The Rise of Éric Zemmour is the Last Sign of a Shift to the Right in French Politics
On November 30, the far-right pundit Éric Zemmour announced that he would be candidate to the French presidential election. A journalist and polemicist, he was mostly known for his Islamophobic, xenophobic, racist, and sexist public statements. In fact, only thirteen days before this announcement, he had been on trial for “incitement to racial hatred,” having said on a national television program that unaccompanied foreign minors “have nothing to do here, they're thieves, they're murderers, they're rapists, they must be sent away,” a language that certainly evokes for a U.S. audience a certain media entertainer who successfully turned to politics in recent times.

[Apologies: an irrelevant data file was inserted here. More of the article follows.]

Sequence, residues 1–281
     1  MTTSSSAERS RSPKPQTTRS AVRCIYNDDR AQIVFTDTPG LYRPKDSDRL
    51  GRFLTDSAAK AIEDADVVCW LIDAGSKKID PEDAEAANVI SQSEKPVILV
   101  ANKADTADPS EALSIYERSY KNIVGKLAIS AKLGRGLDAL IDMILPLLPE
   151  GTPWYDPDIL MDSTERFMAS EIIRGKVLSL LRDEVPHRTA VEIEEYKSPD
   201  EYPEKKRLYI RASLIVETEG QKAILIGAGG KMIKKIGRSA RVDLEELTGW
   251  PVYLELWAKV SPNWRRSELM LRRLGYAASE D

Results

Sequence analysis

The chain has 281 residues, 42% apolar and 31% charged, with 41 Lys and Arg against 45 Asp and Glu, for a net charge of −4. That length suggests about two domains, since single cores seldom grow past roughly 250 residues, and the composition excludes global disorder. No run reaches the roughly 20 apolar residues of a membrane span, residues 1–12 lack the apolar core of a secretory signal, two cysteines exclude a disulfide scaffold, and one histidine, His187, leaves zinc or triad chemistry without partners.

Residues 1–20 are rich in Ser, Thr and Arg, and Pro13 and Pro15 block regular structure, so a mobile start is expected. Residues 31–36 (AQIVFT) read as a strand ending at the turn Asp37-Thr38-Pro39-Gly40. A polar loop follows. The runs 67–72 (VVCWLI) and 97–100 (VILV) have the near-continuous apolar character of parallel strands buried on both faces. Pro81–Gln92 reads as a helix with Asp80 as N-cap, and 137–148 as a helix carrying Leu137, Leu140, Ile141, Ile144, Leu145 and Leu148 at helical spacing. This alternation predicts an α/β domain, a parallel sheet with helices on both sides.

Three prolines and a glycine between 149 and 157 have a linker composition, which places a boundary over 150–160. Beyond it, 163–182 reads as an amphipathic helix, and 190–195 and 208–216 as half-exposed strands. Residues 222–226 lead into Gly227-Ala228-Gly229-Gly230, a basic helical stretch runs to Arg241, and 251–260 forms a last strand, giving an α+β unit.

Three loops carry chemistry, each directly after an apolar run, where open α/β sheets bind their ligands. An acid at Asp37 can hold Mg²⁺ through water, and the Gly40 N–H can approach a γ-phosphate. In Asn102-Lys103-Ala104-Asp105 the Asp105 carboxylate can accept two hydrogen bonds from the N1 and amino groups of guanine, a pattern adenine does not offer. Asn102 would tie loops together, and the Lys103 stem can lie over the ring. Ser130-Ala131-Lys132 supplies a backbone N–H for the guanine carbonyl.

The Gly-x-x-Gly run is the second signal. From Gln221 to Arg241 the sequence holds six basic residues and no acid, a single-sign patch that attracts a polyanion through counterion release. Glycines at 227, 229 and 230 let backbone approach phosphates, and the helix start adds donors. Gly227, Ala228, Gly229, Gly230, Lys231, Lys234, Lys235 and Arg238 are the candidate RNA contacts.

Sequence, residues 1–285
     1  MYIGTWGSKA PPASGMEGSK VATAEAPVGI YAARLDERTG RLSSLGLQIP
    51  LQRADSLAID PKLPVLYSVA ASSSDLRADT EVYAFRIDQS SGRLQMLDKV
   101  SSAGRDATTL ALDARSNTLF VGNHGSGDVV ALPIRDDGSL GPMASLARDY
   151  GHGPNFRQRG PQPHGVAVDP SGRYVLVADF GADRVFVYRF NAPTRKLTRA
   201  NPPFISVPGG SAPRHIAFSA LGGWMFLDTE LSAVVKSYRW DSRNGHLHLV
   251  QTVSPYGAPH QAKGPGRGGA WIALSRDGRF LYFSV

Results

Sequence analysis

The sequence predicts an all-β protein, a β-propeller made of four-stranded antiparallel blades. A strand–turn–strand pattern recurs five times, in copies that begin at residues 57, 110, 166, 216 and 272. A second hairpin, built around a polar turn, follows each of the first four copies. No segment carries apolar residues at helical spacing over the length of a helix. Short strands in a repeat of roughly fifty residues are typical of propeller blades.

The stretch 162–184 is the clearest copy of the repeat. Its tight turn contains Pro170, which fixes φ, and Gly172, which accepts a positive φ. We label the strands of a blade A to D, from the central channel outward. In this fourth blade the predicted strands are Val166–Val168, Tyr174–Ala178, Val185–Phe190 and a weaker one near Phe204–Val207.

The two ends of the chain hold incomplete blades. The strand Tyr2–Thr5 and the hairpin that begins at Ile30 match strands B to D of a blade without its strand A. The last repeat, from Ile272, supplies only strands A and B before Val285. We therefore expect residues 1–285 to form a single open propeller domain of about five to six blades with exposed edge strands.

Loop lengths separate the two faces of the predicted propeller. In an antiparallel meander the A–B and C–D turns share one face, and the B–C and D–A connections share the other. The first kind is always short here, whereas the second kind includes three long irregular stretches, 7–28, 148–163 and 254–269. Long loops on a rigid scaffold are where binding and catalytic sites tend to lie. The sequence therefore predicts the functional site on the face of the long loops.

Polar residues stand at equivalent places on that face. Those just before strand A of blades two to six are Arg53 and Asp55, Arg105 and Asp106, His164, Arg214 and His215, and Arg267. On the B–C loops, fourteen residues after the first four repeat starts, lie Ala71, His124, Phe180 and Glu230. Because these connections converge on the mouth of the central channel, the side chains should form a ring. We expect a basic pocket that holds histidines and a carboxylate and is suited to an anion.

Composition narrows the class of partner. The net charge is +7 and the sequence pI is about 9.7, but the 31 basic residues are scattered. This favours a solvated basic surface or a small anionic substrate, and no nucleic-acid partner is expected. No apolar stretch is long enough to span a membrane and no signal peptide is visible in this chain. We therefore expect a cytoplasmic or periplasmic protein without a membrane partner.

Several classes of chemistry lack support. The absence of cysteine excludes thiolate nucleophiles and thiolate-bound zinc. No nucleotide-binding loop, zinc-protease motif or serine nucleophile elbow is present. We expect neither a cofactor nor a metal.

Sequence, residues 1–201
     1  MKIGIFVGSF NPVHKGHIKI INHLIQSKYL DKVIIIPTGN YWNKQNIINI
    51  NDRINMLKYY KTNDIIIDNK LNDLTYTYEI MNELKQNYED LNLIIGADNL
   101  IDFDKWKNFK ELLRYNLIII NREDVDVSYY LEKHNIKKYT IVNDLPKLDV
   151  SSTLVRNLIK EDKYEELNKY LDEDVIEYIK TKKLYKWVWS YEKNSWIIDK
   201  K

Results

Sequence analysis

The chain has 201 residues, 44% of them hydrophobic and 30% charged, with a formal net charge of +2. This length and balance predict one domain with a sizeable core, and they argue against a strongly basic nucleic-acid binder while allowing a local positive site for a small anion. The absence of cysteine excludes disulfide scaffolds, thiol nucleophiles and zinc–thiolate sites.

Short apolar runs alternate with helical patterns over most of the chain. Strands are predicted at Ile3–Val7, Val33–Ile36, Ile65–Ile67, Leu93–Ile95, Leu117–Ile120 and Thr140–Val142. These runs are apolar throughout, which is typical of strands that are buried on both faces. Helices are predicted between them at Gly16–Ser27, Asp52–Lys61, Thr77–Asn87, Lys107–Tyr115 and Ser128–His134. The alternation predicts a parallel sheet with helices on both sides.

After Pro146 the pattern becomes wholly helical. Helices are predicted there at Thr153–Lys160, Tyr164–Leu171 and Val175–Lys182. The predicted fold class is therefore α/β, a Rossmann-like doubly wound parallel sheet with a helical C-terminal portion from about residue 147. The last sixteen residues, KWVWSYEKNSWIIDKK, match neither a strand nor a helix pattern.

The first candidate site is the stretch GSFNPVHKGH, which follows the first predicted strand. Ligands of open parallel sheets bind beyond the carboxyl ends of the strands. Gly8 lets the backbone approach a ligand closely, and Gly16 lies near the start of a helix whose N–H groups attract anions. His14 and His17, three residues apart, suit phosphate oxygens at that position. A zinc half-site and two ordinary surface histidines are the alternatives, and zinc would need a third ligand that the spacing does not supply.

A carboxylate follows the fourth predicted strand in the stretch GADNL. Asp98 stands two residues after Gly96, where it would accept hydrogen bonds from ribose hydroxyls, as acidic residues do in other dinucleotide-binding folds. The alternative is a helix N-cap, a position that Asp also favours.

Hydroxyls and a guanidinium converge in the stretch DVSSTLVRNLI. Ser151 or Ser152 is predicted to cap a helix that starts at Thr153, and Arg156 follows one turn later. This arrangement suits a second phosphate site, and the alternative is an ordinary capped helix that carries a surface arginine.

And indeed, in six months, Zemmour rose from a situation in which his name was not even mentioned in opinion polls to a candidate for whom 17% of the electorate declared they would vote. If it were to be the case, he would come in second in the first round of the election, ahead of the Rassemblement national candidate Marine Le Pen and just behind the President Emmanuel Macron. It would mean that the two men would be opposed in the second round. But Zemmour's spectacular progression is only the last sign of a broader phenomenon in French politics: what, four decades ago, analyzing the evolution of his country, the British sociologist Stuart Hall had famously called a “swing to the right.”
Read more from Fassin at The Guardian.